Meteoric water and glacial melt in the southeastern Amundsen Sea: a time series from 1994 to 2020

Hennig, Andrew N.; Mucciarone, David A.; Jacobs, Stanley S.; Mortlock, Richard A.; Dunbar, Robert B.

Ice sheet mass loss from Antarctica is greatest in the Amundsen Sea sector, where “warm” modified Circumpolar Deep Water moves onto the continental shelf and melts and thins the bases of ice shelves hundreds of meters below the sea surface. We use nearly 1000 paired salinity and oxygen isotope analyses of seawater samples collected on seven expeditions from 1994 to 2020 to produce a time series of glacial meltwater inventory for the southeastern Amundsen Sea continental shelf. Deep water column salinity–δ¹⁸O relationships yield freshwater end-member δ¹⁸O values from -31.3+/-1.0% to -28.4+/-1.0%, consistent with the isotopic composition of local glacial ice. We use a two-component meteoric water end-member approach that accounts for precipitation in the upper water column, and a pure glacial meteoric water end-member is employed for the deep water column. Meteoric water inventories are comprised of nearly pure glacial meltwater in deep shelf waters and of >74 % glacial meltwater in the upper water column. Total meteoric water inventories range from 8.1±0.7 to 9.6±0.8 m and exhibit greater interannual variability than trend over the study period, based on the available data. The relatively long residence time in the southeastern Amundsen Sea allows changes in mean meteoric water inventories to diagnose large changes in local melt rates, and improved understanding of regional circulation could produce well-constrained glacial meltwater fluxes. The two-component meteoric end-member technique improves the accuracy of the sea ice melt and meteoric fractions estimated from seawater δ¹⁸O measurements throughout the entire water column and increases the utility for the broader application of these estimates.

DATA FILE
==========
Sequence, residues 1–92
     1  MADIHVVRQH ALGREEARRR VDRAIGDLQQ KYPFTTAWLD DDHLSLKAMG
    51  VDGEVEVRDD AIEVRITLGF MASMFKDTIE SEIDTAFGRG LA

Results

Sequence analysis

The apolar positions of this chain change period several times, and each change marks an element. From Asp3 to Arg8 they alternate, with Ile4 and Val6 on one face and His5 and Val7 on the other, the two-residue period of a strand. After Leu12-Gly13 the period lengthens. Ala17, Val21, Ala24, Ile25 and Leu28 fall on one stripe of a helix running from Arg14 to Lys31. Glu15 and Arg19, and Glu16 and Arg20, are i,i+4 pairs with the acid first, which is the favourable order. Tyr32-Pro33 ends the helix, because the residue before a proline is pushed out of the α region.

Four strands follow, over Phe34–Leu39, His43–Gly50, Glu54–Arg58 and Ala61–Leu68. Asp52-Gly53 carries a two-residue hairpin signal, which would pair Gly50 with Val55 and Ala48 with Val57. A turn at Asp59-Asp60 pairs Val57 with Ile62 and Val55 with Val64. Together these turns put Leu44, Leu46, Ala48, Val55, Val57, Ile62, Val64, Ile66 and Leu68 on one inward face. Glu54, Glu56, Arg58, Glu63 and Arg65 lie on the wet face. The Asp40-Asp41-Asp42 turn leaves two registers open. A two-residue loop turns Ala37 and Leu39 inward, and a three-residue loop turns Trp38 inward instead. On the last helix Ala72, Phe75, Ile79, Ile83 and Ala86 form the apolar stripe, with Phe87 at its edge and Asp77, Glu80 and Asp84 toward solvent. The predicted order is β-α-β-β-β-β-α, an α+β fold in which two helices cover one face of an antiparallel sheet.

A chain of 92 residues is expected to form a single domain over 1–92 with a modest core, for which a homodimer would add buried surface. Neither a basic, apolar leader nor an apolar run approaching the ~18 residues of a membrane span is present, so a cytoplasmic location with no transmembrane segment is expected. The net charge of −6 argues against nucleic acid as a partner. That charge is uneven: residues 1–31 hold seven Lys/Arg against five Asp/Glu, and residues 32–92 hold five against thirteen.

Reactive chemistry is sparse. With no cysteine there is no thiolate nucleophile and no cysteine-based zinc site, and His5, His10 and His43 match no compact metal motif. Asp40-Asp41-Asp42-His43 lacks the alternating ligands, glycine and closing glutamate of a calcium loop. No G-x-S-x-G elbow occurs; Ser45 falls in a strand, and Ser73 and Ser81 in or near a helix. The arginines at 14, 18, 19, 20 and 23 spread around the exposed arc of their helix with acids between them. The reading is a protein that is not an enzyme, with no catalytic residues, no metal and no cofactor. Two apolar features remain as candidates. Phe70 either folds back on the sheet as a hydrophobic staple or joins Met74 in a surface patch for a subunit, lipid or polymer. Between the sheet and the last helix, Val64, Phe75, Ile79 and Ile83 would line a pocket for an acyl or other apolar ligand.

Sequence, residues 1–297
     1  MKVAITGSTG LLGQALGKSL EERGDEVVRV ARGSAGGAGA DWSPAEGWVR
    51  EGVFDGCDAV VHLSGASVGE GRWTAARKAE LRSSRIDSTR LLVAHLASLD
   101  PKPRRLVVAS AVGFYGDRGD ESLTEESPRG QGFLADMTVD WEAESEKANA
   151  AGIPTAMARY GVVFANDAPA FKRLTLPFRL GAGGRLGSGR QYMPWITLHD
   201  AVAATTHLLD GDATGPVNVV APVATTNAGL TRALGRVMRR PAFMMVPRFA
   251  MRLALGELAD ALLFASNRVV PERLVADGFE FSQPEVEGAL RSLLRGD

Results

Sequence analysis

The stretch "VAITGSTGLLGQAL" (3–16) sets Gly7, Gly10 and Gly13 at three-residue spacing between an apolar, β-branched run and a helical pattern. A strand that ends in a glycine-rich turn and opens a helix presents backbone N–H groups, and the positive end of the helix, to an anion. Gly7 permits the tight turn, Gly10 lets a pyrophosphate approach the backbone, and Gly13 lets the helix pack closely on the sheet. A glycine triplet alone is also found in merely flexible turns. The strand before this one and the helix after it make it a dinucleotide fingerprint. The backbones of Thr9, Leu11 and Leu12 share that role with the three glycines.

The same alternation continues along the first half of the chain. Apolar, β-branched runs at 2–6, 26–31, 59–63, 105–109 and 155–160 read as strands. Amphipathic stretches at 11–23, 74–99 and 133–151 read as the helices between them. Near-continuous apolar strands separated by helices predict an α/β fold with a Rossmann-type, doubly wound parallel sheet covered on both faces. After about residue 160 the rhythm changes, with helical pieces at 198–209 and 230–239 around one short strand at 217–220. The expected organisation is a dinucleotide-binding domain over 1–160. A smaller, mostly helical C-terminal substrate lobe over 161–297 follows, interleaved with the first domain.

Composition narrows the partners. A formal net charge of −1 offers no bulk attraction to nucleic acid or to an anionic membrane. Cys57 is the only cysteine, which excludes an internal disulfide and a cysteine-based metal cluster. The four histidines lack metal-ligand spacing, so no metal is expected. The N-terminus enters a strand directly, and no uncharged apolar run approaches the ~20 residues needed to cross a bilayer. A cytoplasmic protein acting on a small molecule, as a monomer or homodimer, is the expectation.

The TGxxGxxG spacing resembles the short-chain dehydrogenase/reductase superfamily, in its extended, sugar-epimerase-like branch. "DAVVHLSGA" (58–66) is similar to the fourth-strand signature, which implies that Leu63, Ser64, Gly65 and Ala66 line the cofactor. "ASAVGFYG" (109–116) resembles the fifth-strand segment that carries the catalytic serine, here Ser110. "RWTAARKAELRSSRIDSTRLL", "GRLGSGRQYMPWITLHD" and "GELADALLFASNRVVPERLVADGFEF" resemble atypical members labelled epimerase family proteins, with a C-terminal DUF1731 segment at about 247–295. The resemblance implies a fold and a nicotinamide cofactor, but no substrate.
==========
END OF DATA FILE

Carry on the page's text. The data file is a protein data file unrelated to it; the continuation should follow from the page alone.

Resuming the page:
Also Published In

The Cryosphere

More About This Work

Academic Units
Lamont-Doherty Earth Observatory
Ocean and Climate Physics
Published Here
July 3, 2024